Kootenai National Wildlife Refuge
A moose traveling across Kootenai National Wildlife Refuge at sunrise
Kootenai National Wildlife Refuge is a small refuge (about 2,775 acres) located along the Kootenai River on the eastern side of the Selkirk Mountains about 5 miles from the town of Bonner's Ferry, about 20 miles south of the Canadian border. Kootenai NWR is located just off the Wildhorse Trail Scenic Byway, part of the International Selkirk Loop.
The primary management objective is to provide nesting and feeding habitat for migrating waterfowl. The refuge extends westward from the edge of the river valley into the base of the Selkirk Mountains with another 500 acres of land that is heavily forested and abuts the Kaniksu National Forest (part of the Idaho Panhandle National Forest).
The property is a mix of hardwood and conifer forests dropping down to wetlands and associated uplands in the bottom of the Kootenai River Valley. More than 300 species of birds and mammals have been documented on the refuge, including thousands of migrating waterfowl of many different species. The refuge has more than 800 acres of wetlands that are managed to provide fish, invertebrates and aquatic vegetation for food. There's another 200 acres of land planted with grain and other crops specifically for the wildlife. The grain fields get flooded every year in the fall to make sure the waterfowl can get the food they need, then the fields are drained again every January and allowed to dry before planting again in the spring. The primary managed water source in the refuge is Myrtle Creek, and the water from that is diverted to maintain water levels in the permanent ponds. In the fall, water is pumped from Deep Creek and the Kootenai River to flood the grain fields.
More than 300 species of animals and birds use the refuge so you'll find lots of water and marsh birds, the usual gaggle of waterfowl (northern pintails, mallards, Canada geese, cinnamon and blue-winged teal, redheads, wood ducks, common golden-eyes and perhaps some tundra swans), muskrats, beavers and even moose in the wetlands. The planted fields seem to attract a lot of mice and other rodents, who, in turn, attract eagles, owls, hawks and coyotes. The ground-nesting birds like that tall, dense grass on the upland areas around the wetlands. The rodents seem to like that area of brush and grasses, too. In those uplands you'll also find raccoons, weasels, wood rats and songbirds. The refuge is at the eastern foot of the Selkirk Mountains and that makes for a narrow strip of coniferous and hardwood forest between the mountains and the wetlands. But under those trees you'll find mule deer, white-tailed deer, elk, moose and black bear. The trees are also home to pileated woodpeckers, ruffed grouse and Cooper's hawks. Some of the riparian areas are lined with willow and cottonwood, giving the raptors a nice place to sit while they wait for lunch to meander along down below.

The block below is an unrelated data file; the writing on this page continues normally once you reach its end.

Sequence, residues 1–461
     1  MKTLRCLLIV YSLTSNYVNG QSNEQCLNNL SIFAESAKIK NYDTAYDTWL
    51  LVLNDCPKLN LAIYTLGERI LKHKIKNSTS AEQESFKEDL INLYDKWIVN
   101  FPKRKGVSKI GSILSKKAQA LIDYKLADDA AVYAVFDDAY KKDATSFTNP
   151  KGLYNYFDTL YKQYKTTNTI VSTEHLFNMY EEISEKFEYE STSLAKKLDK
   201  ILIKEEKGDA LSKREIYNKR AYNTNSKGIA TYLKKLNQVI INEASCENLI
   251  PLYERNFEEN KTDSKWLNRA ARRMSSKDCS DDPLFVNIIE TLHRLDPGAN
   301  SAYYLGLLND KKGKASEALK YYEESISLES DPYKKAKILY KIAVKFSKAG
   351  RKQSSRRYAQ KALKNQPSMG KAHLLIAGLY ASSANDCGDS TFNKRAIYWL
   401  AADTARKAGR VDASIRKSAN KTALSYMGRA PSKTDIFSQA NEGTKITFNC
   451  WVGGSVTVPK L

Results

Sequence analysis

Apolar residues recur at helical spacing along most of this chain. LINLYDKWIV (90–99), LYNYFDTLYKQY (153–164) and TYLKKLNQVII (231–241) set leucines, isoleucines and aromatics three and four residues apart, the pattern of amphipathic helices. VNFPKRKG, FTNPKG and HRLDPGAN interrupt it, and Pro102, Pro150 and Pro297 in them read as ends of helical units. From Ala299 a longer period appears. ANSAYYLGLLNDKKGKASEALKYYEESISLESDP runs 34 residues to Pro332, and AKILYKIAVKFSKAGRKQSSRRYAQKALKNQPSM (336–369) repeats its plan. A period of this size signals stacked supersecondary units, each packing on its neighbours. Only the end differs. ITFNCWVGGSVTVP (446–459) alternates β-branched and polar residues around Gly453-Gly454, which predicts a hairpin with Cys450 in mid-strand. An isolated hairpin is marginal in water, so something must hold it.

Kootenai National Wildlife Refuge
For human visitors, Kootenai NWR offers a 4.5-mile, one-way graveled Auto Tour Road. The route begins near the visitor center and ends at the junction with the county road near the mouth of Deep Creek. The Auto Tour Road is open during daylight hours but is not plowed in winter. When snow-covered, it's an excellent trail for snowshoeing and cross-country skiing. There are five other hiking trails available on the refuge, three of them are open year round but two (Deep Creek Trail and Island Pond Trail) are closed to hikers during waterfowl hunting days in the fall. The Chickadee Trail is a 1,000-foot long flat, universally accessible trail with interpretive signs and benches. The Moose Overlook Photo Blind is also universally accessible.
To get there: go west from Bonner's Ferry on Riverside Road (south bank of the Kootenai River) for 5 miles to the refuge entrance. The refuge office is another 2 miles past the entrance. These are narrow county-maintained roads and they see a lot of use by large logging trucks. The office is open weekdays from 7:30 am to 4:00 pm except Federal holidays. The property itself is open to the public from sunrise to sunset daily. Fishing is allowed in designated areas only. Hunting is also allowed in designated areas in season only. Campfires and camping are not allowed on the property.
Kootenai National Wildlife Refuge is administered together with Little Pend Oreille National Wildlife Refuge and Turnbull National Wildlife Refuge (both in Washington) as part of the Inland Northwest National Wildlife Refuge Complex.
Cow and calf moose at Kootenai National Wildlife Refuge
Greenwing Pond at Kootenai National Wildlife Refuge
Cascade Pond Overlook at Kootenai National Wildlife Refuge
Kootenai National Wildlife Refuge map
Photo of cow and calf moose courtesy of Aaron Drew, US Fish & Wildlife Service
Lower photos courtesy of Janet Satchwell, US Fish & Wildlife Service
Map courtesy of National Geographic Topo!